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Current Page: Politics | Friday, April 15, 2016
Judge Rules Worship of Flying Spaghetti Monster Is Not a Religion but Riposte to Intelligent Design

Judge Rules Worship of Flying Spaghetti Monster Is Not a Religion but Riposte to Intelligent Design

Propaganda from the Church of the Flying Spaghetti Monster. | (Photo:Church of the Flying Spaghetti Monster)

A federal judge on Tuesday dismissed the case of an inmate in Nebraska demanding that prison officials accommodate his worship of the Flying Spaghetti Monster because it is not a religion but a riposte of intelligent design.

The inmate, Stephen Cavanaugh, who is serving a 4 to 8-year term for assault and weapons charges at the Nebraska State Penitentiary, filed a lawsuit in September 2014 demanding that worship of the Flying Spaghetti Monster referred to as "FSMism" be given the same treatment as other established religions.

"I would like a court order mandating that FSMism receive the same rights and privileges afforded to every other religion in the Department of Corrections. I would also like the defendants to be made to pay damages of the $350 filing fee, $5,000,000 pain and suffering and punitive damages," Cavanaugh wrote.

Stephen Cavanaugh. | (Photo: Mug Shot)

In his ruling to dismiss the case on Tuesday however, U.S. District Judge John Gerrard ruled that "FSMism" does not qualify as a religion such as those protected by the Constitution.

"The Court finds that FSMism is not a 'religion' within the meaning of the relevant federal statutes and constitutional jurisprudence. It is, rather, a parody, intended to advance an argument about science, the evolution of life, and the place of religion in public education. Those are important issues, and FSMism contains a serious argument — but that does not mean that the trappings of the satire used to make that argument are entitled to protection as a 'religion,'" wrote Gerrard. "Nor, the Court finds, has Cavanaugh sufficiently alleged how the exercise of his 'religion' has been substantially burdened. The Court will grant the defendants' motion to dismiss."

In his ruling, Gerrard provided a bit of a history lesson on both intelligent design and FSMism.

The concept of "intelligent design" he wrote maintains that Earth's ecosystem displays complexity suggesting intelligent design by a "master intellect." The "official position" of intelligent design is that the designer is not expressly identified as a deity.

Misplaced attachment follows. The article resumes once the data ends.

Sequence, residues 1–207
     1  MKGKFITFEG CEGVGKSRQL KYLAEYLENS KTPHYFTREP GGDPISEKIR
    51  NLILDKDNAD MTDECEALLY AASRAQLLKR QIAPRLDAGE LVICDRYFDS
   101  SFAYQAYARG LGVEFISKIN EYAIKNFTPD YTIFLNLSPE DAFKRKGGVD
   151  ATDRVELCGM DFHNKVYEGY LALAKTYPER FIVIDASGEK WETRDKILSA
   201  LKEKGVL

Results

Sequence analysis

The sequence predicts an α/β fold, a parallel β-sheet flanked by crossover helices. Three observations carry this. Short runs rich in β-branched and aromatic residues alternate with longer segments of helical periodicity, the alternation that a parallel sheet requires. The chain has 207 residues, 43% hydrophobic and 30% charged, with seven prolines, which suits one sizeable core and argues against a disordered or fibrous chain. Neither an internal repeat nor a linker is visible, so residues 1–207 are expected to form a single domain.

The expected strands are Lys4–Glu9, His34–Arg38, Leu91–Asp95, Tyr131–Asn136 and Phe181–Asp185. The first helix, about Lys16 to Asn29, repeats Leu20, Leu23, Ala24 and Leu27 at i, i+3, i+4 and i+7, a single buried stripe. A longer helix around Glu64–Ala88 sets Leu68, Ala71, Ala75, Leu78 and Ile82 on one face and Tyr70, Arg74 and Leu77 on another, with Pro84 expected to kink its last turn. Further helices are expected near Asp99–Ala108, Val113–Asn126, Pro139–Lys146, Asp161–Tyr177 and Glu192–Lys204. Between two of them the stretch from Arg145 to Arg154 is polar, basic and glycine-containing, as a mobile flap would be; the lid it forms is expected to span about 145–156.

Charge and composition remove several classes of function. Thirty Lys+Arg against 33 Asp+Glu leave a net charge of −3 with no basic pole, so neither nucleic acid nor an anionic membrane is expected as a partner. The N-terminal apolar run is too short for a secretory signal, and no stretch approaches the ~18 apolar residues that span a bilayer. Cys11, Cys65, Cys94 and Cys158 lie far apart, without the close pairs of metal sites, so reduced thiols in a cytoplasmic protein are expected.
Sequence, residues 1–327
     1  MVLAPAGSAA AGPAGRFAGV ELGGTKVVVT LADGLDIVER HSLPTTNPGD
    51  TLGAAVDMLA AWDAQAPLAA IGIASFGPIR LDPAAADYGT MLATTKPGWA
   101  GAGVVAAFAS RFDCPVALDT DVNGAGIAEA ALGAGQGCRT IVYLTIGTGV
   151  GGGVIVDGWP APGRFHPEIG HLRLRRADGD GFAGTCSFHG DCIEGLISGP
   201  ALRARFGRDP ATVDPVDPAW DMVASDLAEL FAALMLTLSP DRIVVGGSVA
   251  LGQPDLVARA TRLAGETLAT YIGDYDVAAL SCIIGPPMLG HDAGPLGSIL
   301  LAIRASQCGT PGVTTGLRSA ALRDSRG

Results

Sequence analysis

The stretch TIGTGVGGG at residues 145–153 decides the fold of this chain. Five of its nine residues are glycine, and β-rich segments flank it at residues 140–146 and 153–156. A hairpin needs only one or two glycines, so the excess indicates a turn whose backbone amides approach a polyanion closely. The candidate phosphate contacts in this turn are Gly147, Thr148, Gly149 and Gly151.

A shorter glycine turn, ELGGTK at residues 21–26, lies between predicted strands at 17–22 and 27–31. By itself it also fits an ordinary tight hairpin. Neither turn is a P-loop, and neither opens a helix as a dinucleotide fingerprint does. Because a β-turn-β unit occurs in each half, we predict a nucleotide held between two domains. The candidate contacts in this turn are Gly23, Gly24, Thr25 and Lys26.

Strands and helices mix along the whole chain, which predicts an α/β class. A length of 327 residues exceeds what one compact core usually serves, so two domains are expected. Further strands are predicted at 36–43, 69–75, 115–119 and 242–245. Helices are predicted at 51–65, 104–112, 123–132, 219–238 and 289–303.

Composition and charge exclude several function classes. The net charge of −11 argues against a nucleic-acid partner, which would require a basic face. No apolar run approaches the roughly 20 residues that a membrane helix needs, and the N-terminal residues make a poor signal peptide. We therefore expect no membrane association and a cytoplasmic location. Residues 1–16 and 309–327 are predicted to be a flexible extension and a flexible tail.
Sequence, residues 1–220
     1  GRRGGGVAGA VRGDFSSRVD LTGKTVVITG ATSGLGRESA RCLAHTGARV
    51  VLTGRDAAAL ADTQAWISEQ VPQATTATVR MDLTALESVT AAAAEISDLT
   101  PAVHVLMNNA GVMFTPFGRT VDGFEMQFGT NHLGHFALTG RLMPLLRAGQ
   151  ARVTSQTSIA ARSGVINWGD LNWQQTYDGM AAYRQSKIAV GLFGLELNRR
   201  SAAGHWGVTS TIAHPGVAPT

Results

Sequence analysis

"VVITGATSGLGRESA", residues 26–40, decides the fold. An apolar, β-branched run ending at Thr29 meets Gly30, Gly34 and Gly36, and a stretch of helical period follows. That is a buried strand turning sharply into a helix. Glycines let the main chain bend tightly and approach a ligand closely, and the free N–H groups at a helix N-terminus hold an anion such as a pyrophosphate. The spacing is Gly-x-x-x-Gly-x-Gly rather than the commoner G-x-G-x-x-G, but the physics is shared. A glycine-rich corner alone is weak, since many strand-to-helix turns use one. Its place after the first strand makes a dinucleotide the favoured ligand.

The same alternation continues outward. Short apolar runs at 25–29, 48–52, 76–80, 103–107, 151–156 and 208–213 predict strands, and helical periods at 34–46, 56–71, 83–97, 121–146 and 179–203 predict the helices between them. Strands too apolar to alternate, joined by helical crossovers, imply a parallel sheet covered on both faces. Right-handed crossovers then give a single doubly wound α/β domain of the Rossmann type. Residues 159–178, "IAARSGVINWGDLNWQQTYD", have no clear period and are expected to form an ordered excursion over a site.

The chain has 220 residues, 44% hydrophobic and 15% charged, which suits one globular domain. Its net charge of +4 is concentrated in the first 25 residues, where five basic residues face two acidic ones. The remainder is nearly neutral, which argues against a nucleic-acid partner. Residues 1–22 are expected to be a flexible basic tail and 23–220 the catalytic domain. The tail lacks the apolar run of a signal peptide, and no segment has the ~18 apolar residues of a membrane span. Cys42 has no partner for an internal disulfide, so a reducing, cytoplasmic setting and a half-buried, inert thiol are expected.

"FSMism is a riposte to intelligent design that began with a letter to the Kansas State Board of Education when it was considering intelligent design …The Gospel of the Flying Spaghetti Monster 111-13 (2006) (FSM Gospel). The primary criticism of intelligent design — and the basis for excluding it from school science classes — is that although it purports to be 'scientific,' it is actually 'an interesting theological argument' but 'not science,'" explained Gerrard.

"The conceit of FSMism is that, because intelligent design does not identify the designer, its 'master – intellect' could just as easily be a 'Flying Spaghetti Monster' as any Judeo Christian deity — and, in fact, that there is as much scientific evidence for a Flying Spaghetti Monster as any other creator," he continued. "As the FSM Gospel explains, '[w]e are entering into an exciting time, when no longer will science be limited to natural explanations . . . . Propelled by popular opinion and local government, science is quickly becoming receptive to all logical theories, natural and supernatural alike.'"

Cavanaugh argued that he has "openly declared his beliefs for many years" and "has several tattoos proclaiming his faith." He asked that prison officials give him the same rights as other religions including "the ability to order and wear religious clothing and pendants, the right to meet for weekly worship services and classes and the right to receive communion."

The prison officials rejected his requests, according to the ruling, because they determined that FSMism was a parody religion. Cavanaugh says he was insulted by this conclusion and sued them in their official and individual capacities, seeking injunctive relief and money damages.

After examining the arguments put forward by Cavanaugh to support his case, Gerrard wrote: "The Court concludes Cavanaugh has failed to state a claim under RLUIPA or under the state or federal constitution that is plausible on its face .… Specifically, he has failed to allege facts showing that the defendants have substantially burdened a religious exercise, or that the defendants' conduct violated his constitutional rights. And Cavanaugh's claims for money damages are barred by sovereign or qualified immunity. Cavanaugh's complaint will be dismissed."

Contact: leonardo.blair@christianpost.comFollow Leonardo Blair on Twitter: @leoblairFollow Leonardo Blair on Facebook: LeoBlairChristianPost

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